Players’ Information

The team is in port taking on cargo and passen- gers. One of those requesting passage, a modestly- dressed man with a somewhat cocky air, offers to pay high passage rates for two jumps in any direc- tion. Observant heroes see that he seems to be pleased with himself for some reason, but if asked about it, he simply asserts that he’s happy that he’s able to finally take a trip he’d been saving up for.

Referee’s Information

Arslin Millei is a muckraking, semi-famous jour- nalist of the lowest order. His mission in life is to find dirt on someone and exploit it for ratings and buzz. He normally targets celebrities and nobles. For whatever reason (a botched mission, negative ru- mors), he has now set his sights on the PCs. He takes passage aboard their vessel in disguise under an assumed name, but some of the heroes might recognize him regardless:

To see through Millei's disguise:


The disguise was apparently applied by a pro. If anyone calls Millei out, he simply replies with “Yeah, I get that a lot. People say I look just like him.” He’ll tell them that’s the reason for the dis-

guise; he’s tired of people coming up to him and asking for autographs or holos. This is, of course, a lie.

Once the vessel is underway and in jumpspace, Millei makes his move. Despite his cockiness, he’s a topnotch investigator. Through subtle interrogations of the crew and as much computer hacking and physical snooping as he can get away with, he tries

to find as much as he can about the heroes, with an eye toward using it against them later. Of course, the group may have nothing he can use, but he is also a master at twisting facts to suit the narrative he wants to convey. Throw 1D for the results of his efforts:

  • 1. Millei tries his best, but finds nothing scandal- ous. Nevertheless, he twists whatever he finds into something salacious on an 8+. If this news gets out onworld, it will cause one or more of the PCs minor embarrassment only. The PCs catch him snooping on a 6+.

  • 2. As 1, except he twists whatever he finds on 6+ and the crew catches him on a 9+.


(Continued on page 42)

Active Measures

(Continued from page 41)

  • 3. Millei uncovers a minor secret of one of the crew members, assuming there are any secrets to be found. If the news gets out onworld, the crew member harboring the secret will suffer a major blow to their reputation and a reaction from oth- ers at a -2,. The crew catches him snooping on 7+

  • 4. As 3, but the crew catches him on 10+, and he unlocks the entire crew’s skeleton closets.

  • 5. Millei uncovers any illegal activity the group may have been involved in, no matter how mi- nor. He tries to blackmail them on a 10+. If they

refuse, and the news gets out onworld, the group will be subject to sanctions ranging from a stiff fine to arrest, depending on what they did. The team catches him snooping on 12 exactly.

  • 6. As 5, except Millei keeps quiet and makes two files: one for his report, the other for the authori- ties. He turns the authorities’ copy over as soon as he hits port. The crew will not catch him snooping and will be subject to arrest based on what was in the report Millei turned in. They may not even find out what he was up to until they see an embarrassing report in the media and learn they are now wanted!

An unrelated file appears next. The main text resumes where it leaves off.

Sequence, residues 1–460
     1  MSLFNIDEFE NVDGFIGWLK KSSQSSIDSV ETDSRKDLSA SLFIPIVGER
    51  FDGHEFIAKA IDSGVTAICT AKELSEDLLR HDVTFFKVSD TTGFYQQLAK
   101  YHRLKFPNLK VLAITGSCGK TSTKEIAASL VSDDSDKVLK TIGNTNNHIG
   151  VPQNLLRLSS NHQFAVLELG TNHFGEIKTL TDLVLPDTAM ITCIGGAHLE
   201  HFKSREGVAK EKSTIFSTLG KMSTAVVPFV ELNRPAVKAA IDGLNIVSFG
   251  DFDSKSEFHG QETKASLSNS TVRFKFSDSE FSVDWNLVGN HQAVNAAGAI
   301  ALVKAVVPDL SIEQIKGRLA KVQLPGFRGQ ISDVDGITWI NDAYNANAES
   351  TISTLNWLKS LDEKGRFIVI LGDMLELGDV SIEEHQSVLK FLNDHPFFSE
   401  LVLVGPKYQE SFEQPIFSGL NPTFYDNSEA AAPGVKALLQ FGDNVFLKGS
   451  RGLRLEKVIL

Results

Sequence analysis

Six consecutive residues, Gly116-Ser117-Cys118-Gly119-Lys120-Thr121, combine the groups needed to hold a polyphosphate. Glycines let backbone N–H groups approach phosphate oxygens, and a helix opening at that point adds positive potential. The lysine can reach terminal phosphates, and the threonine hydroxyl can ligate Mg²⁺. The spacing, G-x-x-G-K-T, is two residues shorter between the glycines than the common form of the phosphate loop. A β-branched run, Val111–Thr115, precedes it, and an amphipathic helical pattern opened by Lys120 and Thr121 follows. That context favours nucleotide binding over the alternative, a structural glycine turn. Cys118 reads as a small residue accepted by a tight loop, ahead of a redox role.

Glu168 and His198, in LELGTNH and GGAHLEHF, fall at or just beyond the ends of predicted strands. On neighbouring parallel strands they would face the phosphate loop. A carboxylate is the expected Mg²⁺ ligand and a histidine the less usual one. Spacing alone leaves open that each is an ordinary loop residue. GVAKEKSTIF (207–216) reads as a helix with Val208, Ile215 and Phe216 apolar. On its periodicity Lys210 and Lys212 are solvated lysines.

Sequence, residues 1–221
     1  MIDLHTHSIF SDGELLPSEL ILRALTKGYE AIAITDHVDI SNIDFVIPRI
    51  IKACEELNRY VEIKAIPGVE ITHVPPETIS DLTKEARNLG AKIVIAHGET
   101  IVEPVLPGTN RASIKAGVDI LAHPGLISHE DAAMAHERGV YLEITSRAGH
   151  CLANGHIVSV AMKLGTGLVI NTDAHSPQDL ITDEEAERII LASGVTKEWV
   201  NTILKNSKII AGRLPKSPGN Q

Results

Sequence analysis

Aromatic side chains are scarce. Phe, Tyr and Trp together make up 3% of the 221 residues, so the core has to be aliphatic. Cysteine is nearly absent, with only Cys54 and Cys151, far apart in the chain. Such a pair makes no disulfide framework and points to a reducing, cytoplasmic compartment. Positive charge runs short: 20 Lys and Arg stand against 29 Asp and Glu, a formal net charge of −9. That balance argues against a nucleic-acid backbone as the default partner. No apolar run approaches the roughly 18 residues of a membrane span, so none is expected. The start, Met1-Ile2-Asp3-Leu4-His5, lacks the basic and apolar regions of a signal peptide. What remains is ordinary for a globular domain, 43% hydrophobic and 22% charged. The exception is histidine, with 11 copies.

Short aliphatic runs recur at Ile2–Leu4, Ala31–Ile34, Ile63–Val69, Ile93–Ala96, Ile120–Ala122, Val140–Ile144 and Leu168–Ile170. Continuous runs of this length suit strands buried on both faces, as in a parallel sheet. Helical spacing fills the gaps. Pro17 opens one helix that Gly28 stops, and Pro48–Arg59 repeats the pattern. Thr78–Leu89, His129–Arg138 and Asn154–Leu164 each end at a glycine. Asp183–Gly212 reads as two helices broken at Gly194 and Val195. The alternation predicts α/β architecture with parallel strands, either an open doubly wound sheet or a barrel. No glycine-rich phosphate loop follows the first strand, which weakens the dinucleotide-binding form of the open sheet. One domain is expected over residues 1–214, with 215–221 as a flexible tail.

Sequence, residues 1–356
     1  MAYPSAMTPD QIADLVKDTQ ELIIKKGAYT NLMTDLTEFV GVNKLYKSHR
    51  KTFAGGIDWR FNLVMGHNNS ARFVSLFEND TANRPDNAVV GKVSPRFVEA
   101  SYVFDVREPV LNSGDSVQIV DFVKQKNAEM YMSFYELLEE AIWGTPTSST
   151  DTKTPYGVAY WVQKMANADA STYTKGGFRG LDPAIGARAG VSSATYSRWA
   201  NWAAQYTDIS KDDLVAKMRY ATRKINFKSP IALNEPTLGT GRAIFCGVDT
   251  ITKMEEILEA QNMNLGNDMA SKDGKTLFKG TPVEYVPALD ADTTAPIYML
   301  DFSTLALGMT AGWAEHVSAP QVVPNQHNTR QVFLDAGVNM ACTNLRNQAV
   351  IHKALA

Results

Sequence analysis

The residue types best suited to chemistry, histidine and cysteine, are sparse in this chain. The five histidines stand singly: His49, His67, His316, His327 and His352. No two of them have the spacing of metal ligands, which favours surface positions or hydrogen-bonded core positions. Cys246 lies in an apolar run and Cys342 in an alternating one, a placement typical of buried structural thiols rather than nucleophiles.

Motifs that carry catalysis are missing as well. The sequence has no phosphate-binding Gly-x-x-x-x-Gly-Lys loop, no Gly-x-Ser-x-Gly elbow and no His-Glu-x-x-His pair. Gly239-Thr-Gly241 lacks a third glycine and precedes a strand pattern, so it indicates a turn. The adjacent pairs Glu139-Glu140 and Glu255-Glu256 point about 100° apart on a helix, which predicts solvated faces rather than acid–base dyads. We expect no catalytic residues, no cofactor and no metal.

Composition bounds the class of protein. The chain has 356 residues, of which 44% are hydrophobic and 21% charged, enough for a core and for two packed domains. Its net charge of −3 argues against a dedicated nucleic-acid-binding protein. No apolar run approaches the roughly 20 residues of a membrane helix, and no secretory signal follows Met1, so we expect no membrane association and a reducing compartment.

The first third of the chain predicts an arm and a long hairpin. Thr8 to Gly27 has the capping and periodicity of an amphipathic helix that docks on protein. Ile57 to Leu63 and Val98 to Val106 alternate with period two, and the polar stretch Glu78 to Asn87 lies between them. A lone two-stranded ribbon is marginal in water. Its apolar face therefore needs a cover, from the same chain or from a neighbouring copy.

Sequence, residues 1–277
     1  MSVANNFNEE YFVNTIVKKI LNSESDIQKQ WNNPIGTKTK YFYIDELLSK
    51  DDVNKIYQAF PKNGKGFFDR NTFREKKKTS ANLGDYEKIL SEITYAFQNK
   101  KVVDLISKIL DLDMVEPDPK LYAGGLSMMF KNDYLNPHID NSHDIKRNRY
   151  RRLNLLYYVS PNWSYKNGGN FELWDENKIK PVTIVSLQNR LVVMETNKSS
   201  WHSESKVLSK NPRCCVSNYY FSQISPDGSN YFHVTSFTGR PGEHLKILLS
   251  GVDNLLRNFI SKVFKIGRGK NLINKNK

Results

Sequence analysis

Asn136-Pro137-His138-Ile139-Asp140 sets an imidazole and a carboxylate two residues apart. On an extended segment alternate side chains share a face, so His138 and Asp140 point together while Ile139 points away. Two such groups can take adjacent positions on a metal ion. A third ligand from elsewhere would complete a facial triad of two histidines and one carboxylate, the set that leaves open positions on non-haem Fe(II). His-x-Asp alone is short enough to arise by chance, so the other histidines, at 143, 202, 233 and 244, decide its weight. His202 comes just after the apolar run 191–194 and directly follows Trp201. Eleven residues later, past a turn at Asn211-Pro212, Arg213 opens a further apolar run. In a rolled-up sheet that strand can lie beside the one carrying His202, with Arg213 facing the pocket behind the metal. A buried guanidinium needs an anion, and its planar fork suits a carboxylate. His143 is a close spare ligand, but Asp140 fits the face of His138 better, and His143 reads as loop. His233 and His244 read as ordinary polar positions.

In A Store Near You

InterAct Music System

by Chris Seamans

This article was originally posted to the pre-magazine Freelance Trav- eller website in 1997.

The InterAct System is based on a design initial- ly created by Makhidkarun, but released throughout the Imperium as a standard. Many entertainment systems are fleshed out with this option, and Ma- khidkarun’s software and hardware is of the abso- lute highest quality. Systems of varying quality can be purchased from other corporations, but true fans of “kaadmukim” (a Vilani word roughly translated as “interactive music”) swear by Makhidkarun’s ex- tremely high quality InterAct units. Kaadmukim becomes possible around the time that houses, businesses and spacecraft become “wired”, with either one central computer, or sever- al dedicated control systems. In a wired household, room temperatures are adjusted to a (usually pre- set) comfortable level when the room is inhabited, lights go on when someone is about to enter a dark- ened room, and go off a few moments after a room is left unoccupied. Many household items are wired, so that they can be found easily should they become lost or misplaced. Doors can be automatically closed or locked, depedning on the pre-sets, outside lights

can be turned on when it is dark, an outside pool can be heated from the living room couch, if such a thing is desired. Basically, the house is ‘smart’ and does a number of minor chores as needed, and can be interfaced with any number of specially made devices and robots. The above examples only scratch the surface of what is possible in ‘smart’ or ‘wired’ homes. The InterAct Music System takes this concept to another level. Speakers are placed around the house for optimum listening enjoyment in much the same way as they are placed for more traditional enter- tainment systems, and all of the signals that go to and from the house’s computer are turned into ‘music’. Pre-recorded sound and music tracks are recorded onto a kaadmukim cube, and are played according to the digital signals that pump through the household. Depending on the kaadmukim band’s (or performer’s) skill, the effects can be amaz- ing. The cube is never heard the same way twice. The tracks are played in fashion that is apparently random, although is based on events that the house computer is processing at the time. As wired items are moved through the house, seats are sat in, and appliances are used, the music will shift and change according to the original band or performer’s de- sires. Kaadmukim writing is an intense discipline in